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Best Small Cap Dividend Stocks For 2021

If you’re waiting for a pullback to put money to work, look no further than small caps.

Early last week, the S&P stopped the bleeding on a harrowing multi-day 2.9% decline. By midweek, “big cap” investors had recouped more than half of their losses.

Was that it? My guess is yes, that was a wrap on the market’s mini-drama for another month or two.

Our intrepid Federal Reserve continues to print a whole lot of cash, which serves to backstop any pullback. The Fed is still buying $120 billion in bonds per month, which adds up to “real money” after a while—nearly $1.5 trillion annually!

Speaking of which, my old colleague Grant Wasylik of Palm Beach Letter fame sent along some fun spending stats last week:

  • The Congressional Budget Office (CBO) projects the US government will receive $3.8 trillion in tax revenue for fiscal 2021—and spend $6.8 trillion.
  • Just in case you don’t have a calculator handy, that is a $3 trillion deficit. In one year!
  • I’m no economist (though I do read The Economist). Spending nearly twice your revenues is a recipe for pain long-term… but until then, it’s likely to be a raging economic good time.

Stock market “corrections”—declines of 10% or more—tend to happen once a year or so. With 2020 being 2020, we got two last year (March and September/October). We haven’t had one since, so some folks believe that we are due.

They’re missing the point that we just had one—in small caps. The Russell 2000 peaked on March 15 and declined by about 10% over the next four months!

If you subscribe to my Dividend Swing Trading service, or follow my diatribes here, you know the market timer in me has been bemoaning the lack of “breadth” since March. Many days there have been more stocks making new one-month lows than one-month highs. This is generally a sign that beneath the surface, all is not well. And it wasn’t—the indices looked good, but many individual names were suffering. Widespread selling finally ensued.

But it didn’t last because, again, there’s a lot of money out there. It’s flowing into financial investments and landing in the economy, too, as recipients spend their “stimmy” checks.

Small (and medium) cap stocks now look poised to lead the market higher. These underappreciated dividend payers are a nice place to look.

We recently called out small banks as the dividends most likely to double by December. Our case study Comerica (CMA) reported excellent earnings last week. Net interest income increased $22 million quarter-over-quarter. This is “free money” for CMA thanks to higher long-term yields.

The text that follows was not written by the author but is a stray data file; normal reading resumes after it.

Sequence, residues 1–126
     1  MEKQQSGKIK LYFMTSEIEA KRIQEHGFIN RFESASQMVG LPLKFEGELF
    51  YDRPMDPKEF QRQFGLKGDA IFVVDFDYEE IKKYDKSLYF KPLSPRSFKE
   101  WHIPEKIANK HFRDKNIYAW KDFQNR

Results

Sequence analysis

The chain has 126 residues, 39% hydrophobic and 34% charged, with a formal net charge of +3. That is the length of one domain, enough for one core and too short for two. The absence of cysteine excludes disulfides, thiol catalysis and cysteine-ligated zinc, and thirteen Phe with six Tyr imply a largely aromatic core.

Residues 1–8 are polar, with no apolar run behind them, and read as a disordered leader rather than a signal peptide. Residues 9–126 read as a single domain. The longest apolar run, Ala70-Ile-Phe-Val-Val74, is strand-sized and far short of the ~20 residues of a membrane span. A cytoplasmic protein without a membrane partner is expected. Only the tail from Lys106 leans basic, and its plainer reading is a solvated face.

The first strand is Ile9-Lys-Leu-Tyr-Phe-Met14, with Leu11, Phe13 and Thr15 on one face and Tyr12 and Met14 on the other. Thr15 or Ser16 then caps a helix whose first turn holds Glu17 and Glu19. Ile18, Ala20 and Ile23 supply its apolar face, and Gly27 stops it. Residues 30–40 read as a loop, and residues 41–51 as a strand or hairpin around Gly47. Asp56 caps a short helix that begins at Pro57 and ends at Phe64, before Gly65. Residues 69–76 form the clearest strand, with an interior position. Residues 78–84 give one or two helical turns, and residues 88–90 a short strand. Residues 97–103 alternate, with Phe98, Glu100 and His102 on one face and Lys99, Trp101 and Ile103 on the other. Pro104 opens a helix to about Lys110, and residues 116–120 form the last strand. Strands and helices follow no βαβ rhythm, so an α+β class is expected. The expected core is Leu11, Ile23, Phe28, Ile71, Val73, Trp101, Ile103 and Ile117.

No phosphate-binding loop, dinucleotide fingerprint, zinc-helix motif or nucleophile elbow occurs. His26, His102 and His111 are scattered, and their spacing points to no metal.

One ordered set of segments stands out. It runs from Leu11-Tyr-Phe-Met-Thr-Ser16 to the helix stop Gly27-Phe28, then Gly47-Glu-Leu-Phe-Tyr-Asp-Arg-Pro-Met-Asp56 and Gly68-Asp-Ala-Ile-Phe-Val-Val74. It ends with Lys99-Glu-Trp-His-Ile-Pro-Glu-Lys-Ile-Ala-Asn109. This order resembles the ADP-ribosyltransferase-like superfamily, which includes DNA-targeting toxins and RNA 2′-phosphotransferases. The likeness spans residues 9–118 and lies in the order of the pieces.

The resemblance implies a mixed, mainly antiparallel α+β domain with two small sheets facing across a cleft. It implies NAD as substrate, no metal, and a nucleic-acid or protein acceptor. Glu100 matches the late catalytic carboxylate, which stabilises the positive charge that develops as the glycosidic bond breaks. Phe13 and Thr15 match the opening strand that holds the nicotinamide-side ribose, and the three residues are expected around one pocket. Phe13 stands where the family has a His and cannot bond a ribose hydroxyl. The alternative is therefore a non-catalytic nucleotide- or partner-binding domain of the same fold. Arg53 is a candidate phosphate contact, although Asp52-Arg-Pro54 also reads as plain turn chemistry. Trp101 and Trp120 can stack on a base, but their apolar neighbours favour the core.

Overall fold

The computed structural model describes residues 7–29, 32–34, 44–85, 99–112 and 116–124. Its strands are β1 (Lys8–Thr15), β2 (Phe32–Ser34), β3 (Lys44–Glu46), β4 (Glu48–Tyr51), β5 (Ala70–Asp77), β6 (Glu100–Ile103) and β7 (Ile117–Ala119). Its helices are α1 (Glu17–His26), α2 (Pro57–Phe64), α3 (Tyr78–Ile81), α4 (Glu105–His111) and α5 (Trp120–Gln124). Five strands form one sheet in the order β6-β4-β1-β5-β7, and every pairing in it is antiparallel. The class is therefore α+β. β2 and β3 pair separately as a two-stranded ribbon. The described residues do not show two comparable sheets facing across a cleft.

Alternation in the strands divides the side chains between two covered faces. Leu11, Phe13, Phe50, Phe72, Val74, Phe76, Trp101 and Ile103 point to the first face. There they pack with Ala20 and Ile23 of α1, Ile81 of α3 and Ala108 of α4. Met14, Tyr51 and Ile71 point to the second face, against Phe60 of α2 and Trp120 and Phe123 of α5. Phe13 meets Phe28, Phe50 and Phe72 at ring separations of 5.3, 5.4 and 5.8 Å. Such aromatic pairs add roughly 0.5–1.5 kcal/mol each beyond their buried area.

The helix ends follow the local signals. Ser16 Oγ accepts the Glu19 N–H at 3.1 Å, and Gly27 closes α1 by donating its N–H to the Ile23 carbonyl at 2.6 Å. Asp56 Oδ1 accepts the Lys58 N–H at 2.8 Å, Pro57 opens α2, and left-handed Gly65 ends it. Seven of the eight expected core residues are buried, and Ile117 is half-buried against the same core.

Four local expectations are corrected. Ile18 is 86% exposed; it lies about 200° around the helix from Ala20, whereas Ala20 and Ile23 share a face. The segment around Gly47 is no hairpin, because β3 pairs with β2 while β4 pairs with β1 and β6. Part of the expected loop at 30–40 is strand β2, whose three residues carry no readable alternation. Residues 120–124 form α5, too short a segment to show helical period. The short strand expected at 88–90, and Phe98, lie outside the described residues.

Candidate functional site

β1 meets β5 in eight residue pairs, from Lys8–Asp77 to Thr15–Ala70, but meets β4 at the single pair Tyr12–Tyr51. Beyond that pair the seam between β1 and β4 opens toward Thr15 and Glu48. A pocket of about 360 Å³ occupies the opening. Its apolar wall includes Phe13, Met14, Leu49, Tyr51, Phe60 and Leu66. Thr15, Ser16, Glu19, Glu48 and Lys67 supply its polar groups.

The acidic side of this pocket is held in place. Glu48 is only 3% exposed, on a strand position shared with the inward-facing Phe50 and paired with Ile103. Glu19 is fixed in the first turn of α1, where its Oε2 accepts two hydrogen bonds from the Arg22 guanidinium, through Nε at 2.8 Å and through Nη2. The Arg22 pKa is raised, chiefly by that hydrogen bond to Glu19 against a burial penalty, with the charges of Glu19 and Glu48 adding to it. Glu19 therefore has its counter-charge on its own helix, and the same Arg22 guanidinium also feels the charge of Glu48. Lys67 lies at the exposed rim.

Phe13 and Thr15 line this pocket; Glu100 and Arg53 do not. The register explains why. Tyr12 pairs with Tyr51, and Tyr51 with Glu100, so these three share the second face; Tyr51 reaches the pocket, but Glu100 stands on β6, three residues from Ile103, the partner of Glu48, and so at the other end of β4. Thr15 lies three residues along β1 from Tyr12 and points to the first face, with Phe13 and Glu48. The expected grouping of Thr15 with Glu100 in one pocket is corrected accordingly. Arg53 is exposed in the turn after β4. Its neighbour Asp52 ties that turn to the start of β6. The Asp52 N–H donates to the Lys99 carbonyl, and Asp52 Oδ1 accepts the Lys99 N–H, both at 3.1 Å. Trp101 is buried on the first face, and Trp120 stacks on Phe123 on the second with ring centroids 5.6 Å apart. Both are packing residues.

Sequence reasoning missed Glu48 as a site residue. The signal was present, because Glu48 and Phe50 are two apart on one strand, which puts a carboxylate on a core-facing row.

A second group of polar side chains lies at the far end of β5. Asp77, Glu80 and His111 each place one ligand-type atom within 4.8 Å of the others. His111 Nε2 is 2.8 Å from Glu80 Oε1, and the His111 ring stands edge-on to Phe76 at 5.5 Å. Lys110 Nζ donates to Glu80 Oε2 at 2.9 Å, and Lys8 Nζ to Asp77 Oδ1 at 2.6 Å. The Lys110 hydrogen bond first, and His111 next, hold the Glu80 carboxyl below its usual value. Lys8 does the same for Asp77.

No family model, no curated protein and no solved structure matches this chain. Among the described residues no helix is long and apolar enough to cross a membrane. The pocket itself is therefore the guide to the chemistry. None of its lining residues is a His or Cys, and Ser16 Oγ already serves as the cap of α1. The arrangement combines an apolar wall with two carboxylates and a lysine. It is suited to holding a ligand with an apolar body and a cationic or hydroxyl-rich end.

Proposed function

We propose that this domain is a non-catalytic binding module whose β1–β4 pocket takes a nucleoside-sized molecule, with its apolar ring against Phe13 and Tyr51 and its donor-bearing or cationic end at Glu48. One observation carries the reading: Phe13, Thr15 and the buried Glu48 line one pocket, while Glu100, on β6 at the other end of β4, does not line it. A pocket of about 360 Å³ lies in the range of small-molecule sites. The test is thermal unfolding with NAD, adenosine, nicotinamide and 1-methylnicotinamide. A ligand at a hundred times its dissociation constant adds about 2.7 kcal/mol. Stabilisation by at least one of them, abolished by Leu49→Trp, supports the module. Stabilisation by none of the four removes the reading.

And remember, the 10-year Treasury yield has recently corrected, which has weighed on CMA’s stock price. If this rate reverses and heads higher, as I’m anticipating it will, it will be an additional catalyst for small bank profits. And CMA will dish us a 4% dividend while we wait.

This dividend, by the way, has ballooned 580% over the past decade. It’s a “dividend magnet” which, along with higher rates, should boost CMA shares higher.

Russell 2000 component Radian Group (RDN), meanwhile, is directly benefiting from a red-hot housing market. RDN provides mortgage and real estate insurance. Its current loan portfolio is in great shape. Mortgage defaults have been declining for months because borrowers have the ultimate “piggy bank” in a rising home value.

Like other small caps, RDN has been consolidating for months. Shares trade for just book value today. “Book” is what the company would fetch on the open market if it were liquidated today for the sum of its parts. Buying insurers around or below book value is about as close as we ever get to a free lunch in stocks.

RDN yields 2.5% and just raised its dividend by 12%. It is also priced at less than seven times FCF (free cash flow). Dirt cheap. Plus, it has a sweet dividend magnet of its own!

Before we run out and buy every small cap dividend, let’s consider the case of Chimera (CIM). I can see readers gawking at its 9.1% yield from here.

CIM is a mortgage REIT (mREIT). Unlike traditional REITs, which own buildings, CIM owns paper. Specifically, they buy mortgage loans and collect the interest. How do they make money? By borrowing short (assuming short-term rates are lower) and lending long (if long-term rates are, as they tend to be, higher).

This business model prints money when long-term rates are steady or, better yet, declining. When long-term rates drop, these existing mortgages become more valuable (because new loans pay less).

CIM knifed its payout by 40% in June 2020 but recently announced a 10% raise. CIM shares have been hot of late. However, much of the stock’s gains were driven by lower interest rates in 2020.

The traditional mREIT gravy train derails when rates rise and these mortgage portfolios decline in value. Historically, rising rate environments have been very bad for mREITs (and resulted in deadly dividend cuts).

CIM lost 5.6% in book value during the first quarter because interest rates rose. This is an ominous sign if you, like me, believe that rates are heading higher from here. We’ll pass on CIM for now.

Brett Owens is chief investment strategist for Contrarian Outlook. For more great income ideas, get your free copy his latest special report: Your Early Retirement Portfolio: 7% Dividends Every Month Forever.

Disclosure: none

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